An apron hangs in Michael’s kitchen. Stitched into it is a patch that says, “Michael is not only a great chef, he is a culinary artist!” Though he admits he’ll never wear it, Michael hangs the apron with pride. It was a gift from one of his neighbours at Strathcona Place. Sharing his culinary skills is something Michael takes a lot of delight in.
“Right from a young age, my siblings and I were taught to cook, clean, all for ourselves,” says Michael. “We were taught to be self-reliant with the things we had and that sense of self-reliance has certainly helped me be able to call this place home.”
Michael knows that a space like his in a Manhattan rental market would easily cost around $2,000 a month. Thankfully, Michael lives in Edmonton and in a GEF Seniors Housing apartment where the rent is geared to his income. For most people, 325 square-feet is not a lot of space. For Michael, it’s a perfect fit.
Before moving to Strathcona Place, Michael owned a house in Edmonton’s west-end. He admits it took him around six months to settle into his new apartment but now can’t imagine living anywhere else. The smaller square-footage wasn’t a deterrent at all. In fact, it was almost a selling point for him.
“I was able to see the space empty before I moved in,” Michael explains. “I took only the things I wanted from my house. I then measured out the space I had to work with and found furniture pieces that worked within the space.”
Growing up in southern Alberta coal towns, Michael remembers his family home only being around 600 square-feet. He looks at average house sizes now and can’t believe that people need so much space. The Globe and Mail reported that the average house size in Canada has ballooned to close to 2,000 square-feet (though still smaller than the average house size in the US at 2,600 square-feet).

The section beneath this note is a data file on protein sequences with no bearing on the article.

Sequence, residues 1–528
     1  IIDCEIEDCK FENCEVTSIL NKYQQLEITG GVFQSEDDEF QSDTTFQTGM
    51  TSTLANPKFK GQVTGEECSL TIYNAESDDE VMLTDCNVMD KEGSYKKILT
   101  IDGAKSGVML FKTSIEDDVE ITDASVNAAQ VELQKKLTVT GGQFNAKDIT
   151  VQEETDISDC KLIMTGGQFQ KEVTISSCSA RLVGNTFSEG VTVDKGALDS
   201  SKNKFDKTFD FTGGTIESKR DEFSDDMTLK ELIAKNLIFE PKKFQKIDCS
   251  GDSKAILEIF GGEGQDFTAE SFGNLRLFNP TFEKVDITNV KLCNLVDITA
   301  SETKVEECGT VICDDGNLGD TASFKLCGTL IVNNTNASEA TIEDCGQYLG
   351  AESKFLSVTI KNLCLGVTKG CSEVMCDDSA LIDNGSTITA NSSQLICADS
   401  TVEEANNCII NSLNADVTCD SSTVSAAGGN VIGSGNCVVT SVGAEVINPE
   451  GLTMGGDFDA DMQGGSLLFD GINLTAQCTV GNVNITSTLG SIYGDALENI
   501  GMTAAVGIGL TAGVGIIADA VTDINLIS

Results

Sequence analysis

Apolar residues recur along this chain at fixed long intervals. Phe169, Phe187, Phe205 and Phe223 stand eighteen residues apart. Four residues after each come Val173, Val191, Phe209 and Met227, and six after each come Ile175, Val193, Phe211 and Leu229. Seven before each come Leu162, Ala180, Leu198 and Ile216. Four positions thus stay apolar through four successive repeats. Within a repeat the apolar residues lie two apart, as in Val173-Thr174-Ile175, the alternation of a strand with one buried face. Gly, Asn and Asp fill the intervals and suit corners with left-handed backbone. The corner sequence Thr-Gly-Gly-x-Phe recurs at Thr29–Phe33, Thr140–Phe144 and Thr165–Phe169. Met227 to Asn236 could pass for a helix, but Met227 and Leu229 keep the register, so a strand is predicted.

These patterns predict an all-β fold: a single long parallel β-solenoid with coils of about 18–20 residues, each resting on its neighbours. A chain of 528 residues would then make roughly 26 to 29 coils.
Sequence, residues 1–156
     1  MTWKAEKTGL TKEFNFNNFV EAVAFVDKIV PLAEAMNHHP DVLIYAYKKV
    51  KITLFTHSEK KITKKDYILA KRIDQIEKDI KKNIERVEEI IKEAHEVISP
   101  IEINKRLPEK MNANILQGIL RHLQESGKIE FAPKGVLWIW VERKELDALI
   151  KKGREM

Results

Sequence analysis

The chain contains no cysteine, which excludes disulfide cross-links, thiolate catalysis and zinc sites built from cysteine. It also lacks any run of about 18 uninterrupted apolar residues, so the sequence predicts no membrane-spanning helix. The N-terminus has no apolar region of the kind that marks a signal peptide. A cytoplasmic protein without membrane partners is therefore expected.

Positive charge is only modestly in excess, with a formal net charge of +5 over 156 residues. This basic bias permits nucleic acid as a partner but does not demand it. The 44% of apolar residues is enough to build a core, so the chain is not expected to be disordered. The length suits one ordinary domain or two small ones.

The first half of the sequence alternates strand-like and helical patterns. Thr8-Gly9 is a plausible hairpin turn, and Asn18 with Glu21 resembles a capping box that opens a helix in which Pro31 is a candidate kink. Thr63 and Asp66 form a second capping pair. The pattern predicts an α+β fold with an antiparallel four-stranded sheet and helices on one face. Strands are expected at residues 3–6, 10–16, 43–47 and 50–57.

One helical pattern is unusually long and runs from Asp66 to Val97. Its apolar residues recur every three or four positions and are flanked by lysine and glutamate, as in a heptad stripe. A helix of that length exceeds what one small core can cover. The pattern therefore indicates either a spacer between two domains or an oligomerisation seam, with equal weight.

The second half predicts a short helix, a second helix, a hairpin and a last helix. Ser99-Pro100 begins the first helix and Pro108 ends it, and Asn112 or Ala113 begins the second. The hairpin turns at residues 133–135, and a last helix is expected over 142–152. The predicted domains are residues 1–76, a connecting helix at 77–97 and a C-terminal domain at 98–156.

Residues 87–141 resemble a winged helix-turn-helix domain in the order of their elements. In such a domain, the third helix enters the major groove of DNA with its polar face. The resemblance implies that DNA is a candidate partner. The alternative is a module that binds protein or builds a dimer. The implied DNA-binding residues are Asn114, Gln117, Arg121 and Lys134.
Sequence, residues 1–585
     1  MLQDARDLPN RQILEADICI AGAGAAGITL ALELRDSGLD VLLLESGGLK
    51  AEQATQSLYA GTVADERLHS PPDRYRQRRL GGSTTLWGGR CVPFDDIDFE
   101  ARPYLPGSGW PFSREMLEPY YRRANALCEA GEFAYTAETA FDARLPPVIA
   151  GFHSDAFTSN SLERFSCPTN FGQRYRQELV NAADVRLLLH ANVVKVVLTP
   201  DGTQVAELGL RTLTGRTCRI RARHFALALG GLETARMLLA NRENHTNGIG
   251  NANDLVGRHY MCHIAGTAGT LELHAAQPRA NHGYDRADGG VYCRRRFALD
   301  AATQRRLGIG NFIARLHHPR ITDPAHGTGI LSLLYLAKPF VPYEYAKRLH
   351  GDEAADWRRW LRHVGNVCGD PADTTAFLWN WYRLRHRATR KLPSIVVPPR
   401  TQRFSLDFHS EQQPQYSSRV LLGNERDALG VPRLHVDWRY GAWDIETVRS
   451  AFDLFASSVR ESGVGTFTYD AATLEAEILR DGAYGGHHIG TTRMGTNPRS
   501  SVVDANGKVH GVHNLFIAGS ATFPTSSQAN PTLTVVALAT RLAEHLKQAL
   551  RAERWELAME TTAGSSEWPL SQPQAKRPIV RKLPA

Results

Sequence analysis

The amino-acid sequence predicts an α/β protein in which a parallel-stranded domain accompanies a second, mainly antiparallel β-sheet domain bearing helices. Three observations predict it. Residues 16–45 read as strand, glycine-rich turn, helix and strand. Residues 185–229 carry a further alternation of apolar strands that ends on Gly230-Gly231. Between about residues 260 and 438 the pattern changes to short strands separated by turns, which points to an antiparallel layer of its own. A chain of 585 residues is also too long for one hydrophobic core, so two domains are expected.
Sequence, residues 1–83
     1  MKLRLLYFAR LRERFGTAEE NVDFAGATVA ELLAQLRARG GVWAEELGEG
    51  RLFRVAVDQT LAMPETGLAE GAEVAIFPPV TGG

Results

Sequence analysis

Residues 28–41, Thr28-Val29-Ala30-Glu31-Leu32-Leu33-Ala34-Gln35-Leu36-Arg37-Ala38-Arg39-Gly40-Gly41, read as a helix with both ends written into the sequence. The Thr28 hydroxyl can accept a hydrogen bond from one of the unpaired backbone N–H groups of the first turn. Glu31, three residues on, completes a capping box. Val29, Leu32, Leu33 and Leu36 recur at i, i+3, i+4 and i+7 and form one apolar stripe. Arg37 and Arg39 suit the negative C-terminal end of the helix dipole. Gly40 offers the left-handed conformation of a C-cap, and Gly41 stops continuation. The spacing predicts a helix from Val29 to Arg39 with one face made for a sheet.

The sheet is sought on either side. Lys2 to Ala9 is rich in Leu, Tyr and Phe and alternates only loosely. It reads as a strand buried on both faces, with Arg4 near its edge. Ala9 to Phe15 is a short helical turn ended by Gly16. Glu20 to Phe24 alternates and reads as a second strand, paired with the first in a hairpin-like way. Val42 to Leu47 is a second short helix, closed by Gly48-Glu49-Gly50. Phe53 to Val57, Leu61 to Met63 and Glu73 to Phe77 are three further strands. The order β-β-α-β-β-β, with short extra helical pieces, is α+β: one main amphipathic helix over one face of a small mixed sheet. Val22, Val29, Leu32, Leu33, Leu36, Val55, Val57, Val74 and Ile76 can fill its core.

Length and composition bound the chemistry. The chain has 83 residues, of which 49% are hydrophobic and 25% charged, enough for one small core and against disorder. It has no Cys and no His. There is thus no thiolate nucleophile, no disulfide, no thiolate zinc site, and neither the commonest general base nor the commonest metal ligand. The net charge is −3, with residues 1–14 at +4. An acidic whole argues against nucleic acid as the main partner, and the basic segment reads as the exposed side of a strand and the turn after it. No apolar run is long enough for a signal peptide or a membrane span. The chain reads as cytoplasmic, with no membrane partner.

“I have a friend who lives in a 3,000 square-feet house,” Michael says. “Every room is just full of stuff. There’s a craft room, a man cave, and it’s still not enough room for him and his wife. In Japan, an apartment the size of mine would be big enough for a whole family. What I’ve learned is the more space you have, the more money it costs.”
Michael acknowledges that many people he knows have difficulties parting with material goods and keepsakes. He notes that this could be partly because of either living through the Great Depression or having parents who did, so the need to hold onto things increases with that frame of reference. He also notes, though, that growing up he didn’t have many of the modern conveniences that so many take for granted today.
“The house I grew up in didn’t have TV or even electricity,” Michael says. “If we wanted entertainment, we had to go outside.”
The idea of leaving your space to connect with the community is something Michael still lives by. He notes that many of the people he knows in Strathcona Place get together regularly for games and for potlucks (where he shares some of his well-executed home-cooked delights) and he spends plenty of time walking in the neighbourhood. He explains that the conveniences in the community such as banks, grocery stores, and clinics are so easy to walk to, he doesn’t even own a car anymore.
“Everything you could need is right here, even the bus routes along here are some of the best in the city,” says Michael. “A monthly pass for the bus is $15. You can’t drive anywhere for that cheap.”
Not the only tenant of Strathcona Place to embrace the paired down lifestyle, many of Michael’s neighbours live in the same square footage as he does without sacrificing any passions. He points out one neighbour utilizes modular fold out tables to create a crafting space. Even the University of Alberta students who also call Strathcona Place home live in the smaller bachelor units and continue to be a welcome addition to the community inside the building.
After the six months it took him to adjust to his new living environment, he feels fully connected and comfortable where he is. He understands that the transition is stressful for many to embark on but also points out that it’s completely worth it by the end of the process.
“The staff here are amazing and do such great work to keep the building safe and so no one ever has to look over their shoulders,” says Michael. “It really is like a small town. I’m never left wanting. This is the perfect space for me and I have no plans to ever leave.”
One of the most challenging clients Lynn Fraser ever had was her own mother-in-law. Fraser is a professional organizer and member of the Professional Organizers in Canada, all of whom have different specialties and areas of expertise. It was working with her mother-in-law that made her realize how important her work is for seniors.
“My mother-in-law was 94 years old and still living in her own apartment,” says Fraser. “When we finally convinced her to move into something more appropriate for her, we had a small window of time to get her ready to transition from a two-bedroom apartment to a 300 square foot lodge room.”